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Home Industry News Treating aneurysms could become easier and cheaper with new sensor

Treating aneurysms could become easier and cheaper with new sensor

21st August 2018

An aneurysm in the brain happens when the wall of a cerebral artery become weak, causing the surrounding blood vessels to swell. Researchers led by the Georgia Institute of Technology have developed a smart flow diverter device designed to be implanted inside the brain’s blood vessels to accurately measure fluid flow alterations pre and post-surgery. They are also working on a wireless system.
Youngjae Chun, an associate professor in the Swanson School of Engineering at the University of Pittsburgh, said: “We have developed a highly stretchable, hyper-elastic flow diverter using a highly-porous thin film nitinol. None of the existing flow diverters, however, provide quantitative, real-time monitoring of hemodynamics within the sac of cerebral aneurysm. We have developed a smart flow-diverter system that can actively monitor the flow alterations during and after surgery.”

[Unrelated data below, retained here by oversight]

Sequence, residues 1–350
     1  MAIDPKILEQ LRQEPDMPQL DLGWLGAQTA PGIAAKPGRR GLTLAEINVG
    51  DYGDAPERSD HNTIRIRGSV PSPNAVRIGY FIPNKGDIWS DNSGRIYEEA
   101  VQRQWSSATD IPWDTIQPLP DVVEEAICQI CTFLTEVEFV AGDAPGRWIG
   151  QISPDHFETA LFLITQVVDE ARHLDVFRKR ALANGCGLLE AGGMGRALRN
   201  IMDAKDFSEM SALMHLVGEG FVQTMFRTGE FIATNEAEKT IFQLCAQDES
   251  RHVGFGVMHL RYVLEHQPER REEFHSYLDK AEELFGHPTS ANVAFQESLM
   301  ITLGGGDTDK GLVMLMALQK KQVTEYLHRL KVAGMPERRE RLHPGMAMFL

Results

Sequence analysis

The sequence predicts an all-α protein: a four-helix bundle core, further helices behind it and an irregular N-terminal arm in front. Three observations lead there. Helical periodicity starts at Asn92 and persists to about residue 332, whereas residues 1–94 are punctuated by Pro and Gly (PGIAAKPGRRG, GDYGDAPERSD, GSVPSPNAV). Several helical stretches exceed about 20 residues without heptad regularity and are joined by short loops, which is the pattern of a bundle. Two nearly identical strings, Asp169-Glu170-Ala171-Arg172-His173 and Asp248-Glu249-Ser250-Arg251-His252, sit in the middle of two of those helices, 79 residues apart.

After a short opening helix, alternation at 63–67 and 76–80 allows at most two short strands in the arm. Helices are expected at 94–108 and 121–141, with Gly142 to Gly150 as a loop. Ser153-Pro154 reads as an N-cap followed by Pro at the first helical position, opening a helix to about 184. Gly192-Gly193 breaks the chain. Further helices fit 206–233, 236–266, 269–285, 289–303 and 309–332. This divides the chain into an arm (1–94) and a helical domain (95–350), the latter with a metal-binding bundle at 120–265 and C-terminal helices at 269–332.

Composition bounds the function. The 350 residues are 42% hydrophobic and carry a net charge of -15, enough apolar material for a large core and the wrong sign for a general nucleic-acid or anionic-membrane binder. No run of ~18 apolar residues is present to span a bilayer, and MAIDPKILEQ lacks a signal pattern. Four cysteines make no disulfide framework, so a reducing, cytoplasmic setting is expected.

Woon-Hong Yeo, an assistant professor in Georgia Tech’s George W Woodruff School of Mechanical Engineering and Wallace H Coulter Department of Biomedical Engineering, said: “We are trying to develop a battery less, wireless device that can be miniaturised enough to be routed through the tiny and complex blood vessels of the brain and then deployed without damage. It’s a very challenging to insert such electronic system into the brain’s narrow and contoured blood vessels. The membrane is deflected by the flow through the diverter, and depending on the strength of the flow, the velocity difference, the amount of deflection changes. We measure the amount of deflection based on the capacitance change, because the capacitance is inversely proportional to the distance between two metal layers. Putting functional materials and circuits into something that size is pretty much impossible right now. What we are doing is very challenging based on conventional materials and design strategies. The sensor has to be completely compressed for placement, so it must be capable of stretching 300 or 400 per cent. The sensor structure has to be able to endure that kind of handling while being conformable and bending to fit inside the blood vessel.”

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